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Most of the Americans and most other riders in the field were out-gunned on the specialist course in the elite men’s ace at the Cyclocross World Championships in Koksijde, Belgium. Only one rider, Ryan Trebon, finished in the top 20. Surprising outcome after better results this year at World Cups, or were they?
“That’s not unexpected.” veteran Tim Johnson said of the American results. “This course is so specialized is really having a skill or not, it’s not like we all kind share the same level of ability and then it’s a question of fitness and tactics. It’s a whole different ballgame.”
Or like golf. “This is San Andrews, not every golfer can play San Andrews to their potential. This is beyond belief when you’re out there.” added Johnson.
The course is all about mastering the sand. And not the beach sand that can be found in some US races. We’re talking long stretches of deep sand, never flat, either uphill, downhill, almost always off-camber and with turns. (check out this video from Sporza of the Herygers Dune)
“We don’t have anything like this in the US, playgrounds, a few volleyball courts or something like that but nothing where it’s all the way around the course. It’s one thing to be able to ride the sand, it’s another to be able to go down it and then know how to dismount and keep your momentum, there’s so much to it.” said Meredith Miller.
It is definitely a sand specialist’s course and therefore a course suited to the Belgians. Not only did a Belgian win, but the seven-rider Belgian National team claimed the first seven places – complete and total domination.
Johnson is okay with a worlds course being a specialist course. “We don’t do this every year. I’ve been racing elites since 2000, and we’ve done this race once. It’s alright, it’s one time out of 12.” he said. The course was used this year for a World Cup back in November
“If we have a race like this once in my career, that’s fine, totally fine. The thing is, you can’t have the same races all the time, this is totally to an extreme, awesome. This is a spectacle and absolute success to every level of the sport. It’s just not my kind of race, oh well. I’m willing to deal with that. It’s like if you’re a sprinter and do Road Worlds every year, every six years you’re going to get a course that favors a sprinter. So this is like that kind of race for cross.”
Is such a specialist course and Belgian domination good for the sport? That question was posed to World Champion Niels Albert following his victory.
“First of all, this is a course and a Championships on Belgian soil so it’s a bit of a home match. Secondly from when we started racing, we were taught to race in sand. So when this trail comes with sand, it’s something that we’ve been doing since when we were small. Third, there were seven Belgians in the first seven places, that’s not our fault that’s the competition’s fault.” Albert replied.
So how can the competition get better at racing in the sand? “Racing more and treating it as something that can be addressed.” replied Johnson.
“You saw the whole Dutch team out there, the whole Belgian team out here as a group doing the training. The US team is split up, there’s nothing centralized that says let’s get all these riders better, it’s let’s go over there and try and fight our way to the start line and then we’ll race. That’s definitely not the way to do it.”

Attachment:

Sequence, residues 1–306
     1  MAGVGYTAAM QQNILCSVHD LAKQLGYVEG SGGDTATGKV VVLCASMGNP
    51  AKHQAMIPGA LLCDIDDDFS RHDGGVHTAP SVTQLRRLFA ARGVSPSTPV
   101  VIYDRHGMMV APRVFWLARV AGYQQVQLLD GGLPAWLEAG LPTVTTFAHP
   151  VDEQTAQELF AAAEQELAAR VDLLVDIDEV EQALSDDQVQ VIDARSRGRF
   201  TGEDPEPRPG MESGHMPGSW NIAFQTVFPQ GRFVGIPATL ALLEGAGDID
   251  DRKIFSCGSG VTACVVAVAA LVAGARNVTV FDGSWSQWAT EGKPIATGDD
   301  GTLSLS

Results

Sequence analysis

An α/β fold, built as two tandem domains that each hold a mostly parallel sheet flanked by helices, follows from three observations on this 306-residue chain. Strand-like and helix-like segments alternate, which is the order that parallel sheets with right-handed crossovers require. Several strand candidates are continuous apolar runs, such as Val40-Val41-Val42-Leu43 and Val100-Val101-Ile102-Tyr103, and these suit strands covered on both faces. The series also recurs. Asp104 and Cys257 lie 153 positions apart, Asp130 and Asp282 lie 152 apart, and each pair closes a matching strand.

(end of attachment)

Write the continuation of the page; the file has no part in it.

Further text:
So what is the way to do it? “There’s something to be said for doing it a lot which is experience, then there’s just the coaching side of it.” continued Johnson who gave the Dutch team as an example.
“(Richard) Groenendaal had their entire U23 team, the entire junior team and some of the women out there doing drills, they were doing the sand section over and over again and learning it. Lars van der Haar on Wednesday was treating it like a problem that needed to be figured out and he was trying to get better and you saw in the race that the guy had confidence like no one else. You check with anyone of us, the last couple of days as Americans, save for Katie (Compton) who’s had success here, we’re all in a little bit over our head and it’s like how do we make up for that?”
While many of the Americans were nervous before the race, Johnson was not.
“Sometimes I’m nervous because I expect myself to do really well and then, maybe my own problem was that I wasn’t that nervous, I knew that I was out-gunned and out-classed on this sand. Where does that leave me with?” Johnson mused.
But Louisville 2013 is different ballgame. “But next year, we’re on a course that we know like the back of our hands, it’s a course that we can do. fuck I’m going to be nervous because I want to push it, I want to race, I want to go fast.”
And it’s not just the Americans that are thinking of the 2013 Cyclocross World Championships in Louisville, Kentucky. The press asked second place Rob Peeters‘ impressions of the Eva Bandman course. Peeters, along with Bart Wellens, raced in the USA at the beginning of the season and made an extra visit to go see the venue.
“It’s a very, very heavy track.” Peeters said. “If it would rain two times in the week before the World Championships, it would just be one big mud pile. I trained there and we did about ten laps over the track and the 11th time, the water came nearly out of the ground. It’s going to be really very, very tough.”
Maybe the homecourt advantage will continue next year.